Measures for new penalties for late payment of Corporation Tax, Income Tax, Capital Gains Tax, and VAT as well as new measures to change VAT repayment interest rules so that they more closely align to the rules for Income Tax Self-Assessment and Corporation Tax which have been dropped from Finance Bill 2019 will be included in a future Finance Bill.

Normal VAT penalty rules, will to MVD apply until at least 2021.

See Penalties (VAT) subscriber guide

Interest harmonisation: VAT

Alongside the original draft legislation, HMRC published a policy paper, ‘Interest harmonisation and sanctions for late payment’ and a consultation response summary in respect of the proposed changes.

It is not expected that the changes will commence any earlier than April 2021.

  • The repayment interest start date will be the date on which the VAT return for the period was due or the date submitted if late.
  • The period will cease when the payment is made.
  • Interest will not accrue for any period:
    • In which HMRC raise or await a response to any reasonable inquiry related to the relevant VAT return. Once a complete answer is received the interest will accrue from that date.
    • Where HMRC needs to correct VAT errors or omissions. Once the correction is made, the interest will accrue.
  • Interest will also not accrue where security has been requested and not provided.

This will replace the Repayment supplement regime.

Late payment penalties: Corporation Tax, Income Tax, Capital Gains Tax, and VAT

The proposed measures will replace the existing schedule 55 FA 2009 Late Payment penalty rules

The legislation will be included in a future Finance Bill and commence from an unspecified date, expected to be no earlier than 2021.

  • No penalty will be payable if:
    • The tax is paid in full before the end of 15 days from the due date, or
    • A time to pay agreement is made with HMRC and the proposal was made within the first 15 days.
  • The penalty will be half of the applicable percentage x the tax outstanding if:
    • The tax is paid in full between 16 and 30 days from the due date, or
    • A time to pay agreement is made with HMRC and the proposal was made within the 16 – 30 day period.
  • If the time to pay agreements are broken, the full penalties will fall due.
  • The other half of the applicable percentage x the tax outstanding will become payable after 30 days where there is no time to pay agreement.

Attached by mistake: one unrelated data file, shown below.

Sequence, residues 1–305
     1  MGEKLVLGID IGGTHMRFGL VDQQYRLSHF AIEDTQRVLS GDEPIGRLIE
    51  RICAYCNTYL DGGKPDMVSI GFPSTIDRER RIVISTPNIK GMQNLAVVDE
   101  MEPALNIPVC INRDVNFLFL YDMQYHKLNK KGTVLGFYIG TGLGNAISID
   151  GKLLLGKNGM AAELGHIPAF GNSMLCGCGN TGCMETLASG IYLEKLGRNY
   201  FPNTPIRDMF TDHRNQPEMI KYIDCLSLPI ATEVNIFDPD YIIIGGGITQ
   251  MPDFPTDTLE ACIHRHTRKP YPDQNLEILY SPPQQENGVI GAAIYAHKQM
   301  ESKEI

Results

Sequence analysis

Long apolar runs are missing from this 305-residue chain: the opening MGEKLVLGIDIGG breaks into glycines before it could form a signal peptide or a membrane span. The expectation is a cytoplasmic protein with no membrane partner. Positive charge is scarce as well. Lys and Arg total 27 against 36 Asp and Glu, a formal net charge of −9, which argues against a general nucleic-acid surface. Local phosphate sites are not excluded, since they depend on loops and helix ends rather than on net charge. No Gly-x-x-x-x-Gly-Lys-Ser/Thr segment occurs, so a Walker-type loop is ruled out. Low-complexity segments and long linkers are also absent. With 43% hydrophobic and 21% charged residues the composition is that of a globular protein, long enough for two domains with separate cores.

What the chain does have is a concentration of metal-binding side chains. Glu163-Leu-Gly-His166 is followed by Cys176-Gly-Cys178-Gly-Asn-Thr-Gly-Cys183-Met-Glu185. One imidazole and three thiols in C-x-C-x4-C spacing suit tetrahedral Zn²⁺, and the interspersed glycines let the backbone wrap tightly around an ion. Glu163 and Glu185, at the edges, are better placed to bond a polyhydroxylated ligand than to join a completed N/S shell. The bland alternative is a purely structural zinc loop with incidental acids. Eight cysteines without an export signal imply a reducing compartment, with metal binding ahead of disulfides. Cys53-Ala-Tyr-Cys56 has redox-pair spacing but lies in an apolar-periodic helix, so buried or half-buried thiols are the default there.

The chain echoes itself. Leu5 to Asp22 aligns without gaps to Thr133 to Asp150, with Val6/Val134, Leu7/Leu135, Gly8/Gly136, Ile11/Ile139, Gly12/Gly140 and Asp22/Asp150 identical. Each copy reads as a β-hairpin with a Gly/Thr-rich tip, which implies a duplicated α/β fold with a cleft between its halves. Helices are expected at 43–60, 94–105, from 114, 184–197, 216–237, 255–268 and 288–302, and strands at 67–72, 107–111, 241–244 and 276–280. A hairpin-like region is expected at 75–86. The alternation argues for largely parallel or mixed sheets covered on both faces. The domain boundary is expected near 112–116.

• After 30 days, the penalty will continue to accrue at the applicable percentage. Again relief will be available where there is a time to pay agreement in place.

Provisions are in place to allow for a Reasonable excuse, for the usual Appeals procedure, and to ensure there is no ‘double jeopardy’ where the taxpayer has been subject to a conviction for an offence.

The proposed legislation follows HMRC’s December 2017 consultation, ‘Making Tax Digital: interest harmonisation and sanctions for late payment’ and was released on the same day as the consultation outcome, ‘Making Tax Digital: interest harmonisation and sanctions for late payment – summary of responses’.

The respondents were broadly in favour of the suggested changes, but as a result of comments made HMRC updated their proposals to ensure:

  • VAT repayment interest will accrue from the date that any other outstanding returns are submitted, subject to reasonable enquiry. Initially, it was suggested that no interest would be paid where there were other outstanding returns.
  • The date of contact with HMRC will be taken as the effective date for the purposes of when a time to pay agreement was put in place. Initially, it was suggested that penalties would only be reduced where the agreement was in place within the day limits specified, but this did not acknowledge the length of time it takes to finalise these agreements with HMRC.

The policy documents and draft legislation can be read in full here. The consultation response is here.

Links

Making Tax Digital: index

VAT Reclaims and unjust enrichment

Penalties (VAT)

Penalties: Late Payment

MTD: late payment penalties further consultation


 

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